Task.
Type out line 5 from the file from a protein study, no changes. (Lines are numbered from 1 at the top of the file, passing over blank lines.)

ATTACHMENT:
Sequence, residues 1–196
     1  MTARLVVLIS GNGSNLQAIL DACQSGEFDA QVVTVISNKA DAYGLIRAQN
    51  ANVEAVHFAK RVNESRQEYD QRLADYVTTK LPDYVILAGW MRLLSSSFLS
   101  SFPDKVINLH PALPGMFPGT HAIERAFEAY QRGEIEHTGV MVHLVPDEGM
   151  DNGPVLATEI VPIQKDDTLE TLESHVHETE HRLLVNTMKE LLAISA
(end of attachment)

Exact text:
   151  DNGPVLATEI VPIQKDDTLE TLESHVHETE HRLLVNTMKE LLAISA